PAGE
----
Carpal Tunnel / Thoracic Outlet Lab







     Welcome to the Carpal Tunnel/Thoracic Outlet Syndrome Lab! I have combine the lab of these two classes because most often, if there is trouble in the carpal tunnel, there are also issues that could affect the brachial plexus as well. It is my opinion that it is best to treat for both as the arms are not separate from the shoulders, neck or rib cage in any real way. Those of you with very advanced cases of carpal tunnel or thoracic outlet may find that you cannot perform some of the more manual exercises due to the lack of motor function or pain in your hands and forearms. Try to be creative. How can you achieve the same effect using different parts of your body or maybe through incorporating some blunt tools. Whatever you do, be extremely careful and check all of it out with your primary health care provider before attempting it. Remember too that there is no need to plow your way through the tissue. A gentle approach works best and it should not be painful. In the case of carpal tunnel, you should begin by reducing the swelling before you begin any serious work. It may take days to get the swelling down (more if you are not able to rest your hands). Work at it many times a day. Give it your best shot. When you feel the inflammation in your wrists is calming down, then you may carefully begin the other exercises. This doesn't have to happen overnight. Go slow and do NOT cause yourself more pain. This doesn't have to hurt

1. Reducing Swelling

Ice is wonderful for reducing swelling. Fill a bag with ice and place it over the area that is inflamed. Keep it there just until the area goes numb. Then remove it and repeat the process. This creates what is call a vascular flush. Your veins constrict and release in such a way that drains excess fluid from the area. In the case of carpal tunnel, you would do best to rest your hands and forearms in a bin of ice water just until you can no longer feel the cold. Then remove them. Let them return to normal and then repeat.

2. Lymph Drainage

Lymph Drainage is another component to reducing swelling. Vessels for the drainage of lymph fluid exist directly underneath the skin so you pressure need only be very light. Start in the crease of your elbow making circular movements. Then use your opposite hand to jostle the skin of your entire forearms for about a count of 20. Then lightly glide your hand over the skin from the wrist to the elbow about 20 times. This will begin the drainage process.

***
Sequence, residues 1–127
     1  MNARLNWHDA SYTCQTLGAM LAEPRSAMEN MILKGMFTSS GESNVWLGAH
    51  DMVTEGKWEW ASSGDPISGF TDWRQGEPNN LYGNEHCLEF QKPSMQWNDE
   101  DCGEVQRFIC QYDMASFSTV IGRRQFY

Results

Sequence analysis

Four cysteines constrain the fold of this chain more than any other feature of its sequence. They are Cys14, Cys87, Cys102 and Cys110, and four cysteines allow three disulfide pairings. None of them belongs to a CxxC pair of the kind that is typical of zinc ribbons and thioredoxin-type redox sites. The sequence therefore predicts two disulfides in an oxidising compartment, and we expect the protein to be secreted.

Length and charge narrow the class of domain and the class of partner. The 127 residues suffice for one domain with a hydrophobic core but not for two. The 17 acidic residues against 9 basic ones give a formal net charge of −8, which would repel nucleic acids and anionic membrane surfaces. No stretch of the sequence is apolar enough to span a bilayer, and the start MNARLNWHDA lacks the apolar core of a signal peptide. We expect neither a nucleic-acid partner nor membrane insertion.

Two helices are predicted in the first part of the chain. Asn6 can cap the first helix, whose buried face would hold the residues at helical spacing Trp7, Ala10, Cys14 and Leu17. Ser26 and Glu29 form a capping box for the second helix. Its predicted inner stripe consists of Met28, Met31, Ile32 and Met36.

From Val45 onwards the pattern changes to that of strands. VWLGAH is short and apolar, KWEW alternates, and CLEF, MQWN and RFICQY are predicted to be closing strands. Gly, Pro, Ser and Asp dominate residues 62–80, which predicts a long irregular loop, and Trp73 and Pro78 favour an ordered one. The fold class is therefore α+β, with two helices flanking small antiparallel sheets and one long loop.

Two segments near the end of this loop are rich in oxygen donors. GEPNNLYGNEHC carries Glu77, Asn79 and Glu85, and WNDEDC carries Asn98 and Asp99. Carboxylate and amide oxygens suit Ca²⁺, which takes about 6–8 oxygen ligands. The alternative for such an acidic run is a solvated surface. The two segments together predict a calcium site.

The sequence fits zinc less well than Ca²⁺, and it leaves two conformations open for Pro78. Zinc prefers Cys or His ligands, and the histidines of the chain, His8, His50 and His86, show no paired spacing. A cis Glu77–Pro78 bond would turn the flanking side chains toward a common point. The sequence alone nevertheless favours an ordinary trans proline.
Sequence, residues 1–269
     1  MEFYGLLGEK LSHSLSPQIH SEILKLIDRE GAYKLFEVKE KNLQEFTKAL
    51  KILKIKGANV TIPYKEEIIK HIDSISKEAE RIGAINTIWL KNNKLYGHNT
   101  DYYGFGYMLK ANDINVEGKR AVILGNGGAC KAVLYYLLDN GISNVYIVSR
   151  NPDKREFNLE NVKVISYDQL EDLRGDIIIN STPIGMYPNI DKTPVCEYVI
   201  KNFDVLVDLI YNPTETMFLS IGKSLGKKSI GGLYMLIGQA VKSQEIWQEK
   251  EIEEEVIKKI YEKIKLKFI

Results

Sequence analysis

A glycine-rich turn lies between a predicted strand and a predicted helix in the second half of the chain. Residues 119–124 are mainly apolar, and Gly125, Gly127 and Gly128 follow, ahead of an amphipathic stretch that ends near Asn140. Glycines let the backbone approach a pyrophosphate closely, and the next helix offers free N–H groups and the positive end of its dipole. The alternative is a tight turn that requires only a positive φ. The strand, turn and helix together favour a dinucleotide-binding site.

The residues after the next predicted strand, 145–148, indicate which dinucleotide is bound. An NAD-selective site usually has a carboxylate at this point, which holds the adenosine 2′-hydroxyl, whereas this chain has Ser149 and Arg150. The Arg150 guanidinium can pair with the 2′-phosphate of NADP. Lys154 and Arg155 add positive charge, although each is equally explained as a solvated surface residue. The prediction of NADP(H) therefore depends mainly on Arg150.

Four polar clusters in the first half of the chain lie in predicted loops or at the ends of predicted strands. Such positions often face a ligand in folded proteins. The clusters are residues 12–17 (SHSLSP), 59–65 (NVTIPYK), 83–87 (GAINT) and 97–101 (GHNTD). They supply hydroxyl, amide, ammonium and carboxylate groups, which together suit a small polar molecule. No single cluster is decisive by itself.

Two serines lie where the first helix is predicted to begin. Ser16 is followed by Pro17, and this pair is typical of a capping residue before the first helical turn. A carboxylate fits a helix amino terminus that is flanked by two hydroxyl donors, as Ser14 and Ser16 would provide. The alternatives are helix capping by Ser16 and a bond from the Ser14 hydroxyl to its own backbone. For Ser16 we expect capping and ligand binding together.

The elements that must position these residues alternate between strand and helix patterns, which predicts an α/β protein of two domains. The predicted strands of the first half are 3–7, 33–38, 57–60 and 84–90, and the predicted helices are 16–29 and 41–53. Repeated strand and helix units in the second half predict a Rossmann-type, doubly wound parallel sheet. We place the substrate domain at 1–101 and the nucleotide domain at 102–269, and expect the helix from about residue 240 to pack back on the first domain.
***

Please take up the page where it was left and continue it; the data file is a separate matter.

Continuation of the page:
Another thing to consider is that physical exercise is a powerful lymph drainer for the entire body. The above exercise is meant to benefit those with carpal tunnel syndrome. Those of you with thoracic outlet syndrome should consider gentle physical exercise to help speed up the drainage of your entire body. This can be done in as little as 5-10 minutes a day. Just enough to really get your heart rate up.

3. Manual Forearm Release

If there has been much inflammation in the forearms from carpal tunnel, you can bet that the tendons and muscle have become stuck together. This exercise is designed to begin the process of releasing these restrictions. I will show you how to do this with the elbow, but those of you without pain in your wrists can may use your fingers to really get in between the tendons down near the carpal tunnel. Please be careful. These techniques are powerful and you do not have to push hard. Do not allow yourself to push to the point of pain. Simply release the first layer, then go back and release the next layer and so on. Take it slow. Never move your stroke towards the wrist. This will just push the fluid into the carpal tunnel. Move your stroke either up towards the elbow, or sideways across the forearm. While performing these strokes play with contracting and relaxing the muscles underneath your elbow. You do this by moving your wrist around.

We will be releasing both the flexors and the extensors of the wrist. Begin down by the carpal tunnel of the wrist. Sink your elbow into the tissue slightly. Move your elbow up the arm creating a moderate tug on the tissue. Continue up the arm until you reach the elbow. Perform this action a few times making a point to cover the entire forearm front and back. Play with contracting and relaxing the muscles as you perform the stroke. Play also with moving sideways across the muscles. Study the pictures of the forearm muscles as you work so you know where you are.

3. Flex Extend Wrist Roll

This is a great warm up to any wrist intensive work day! It is also an important stretch for the muscles of the wrist and carpal tunnel. If you cannot make a fist to perform these movements due to nerve impingement, use your other hand to assist you in stretching.

Hold your hand out in front of you. Make a fist and flex your wrist. Slowly rotate your wrist around feeling the stretch, then open them so that your palms are facing upwards. Now extend your wrists. Feel the stretch. Make a fist again and slowly rotate them back their original position. I would do this over and over again for about five minutes a day.

4. Thumb Stretch

This stretch is designed to stretch the tendon in the wrist that operates the thumb.

Begin by wrapping your fingers around your thumb.  Then stretch your wrist downwards as shown tugging on your thumb.  You should feel a stretch in the tendons of your lateral wrist (thumb side).  Hold this stretch anywhere from one to five minutes. You do not need to create a forceful pull. A gentle sustained tug should suffice. When you come out of the stretch be sure to come out slowly.  This stretch is to be performed once per day.

5. Brachial Chain Stretch

This is stretch is designed to balance the front of everything between your left hand and your right hand with the backside of everything between your left hand and your right hand. It balances front to back. All you have to do is raise your arms out to the side at shoulder level and actively reach away from your body. Make sure your arms are twisting so that your palms are facing upwards. Your are not to reach backwards or forwards. Just reach straight out to the side and hold it for as long as you can. Make sure you breathe fully in this stretched position.

6.Neck Stretch

Before we begin, I need to give you a word of caution. These are neck rolls and they must be performed very carefully and very slowly. You must be very aware of any pain you may feel while slowly rotating your neck especially when you are bending it backwards. There is no reason to injure yourself unless you are careless. When you bend your neck backwards, it is imperative that you keep your mouth shut and your teeth together! With that said, let's begin.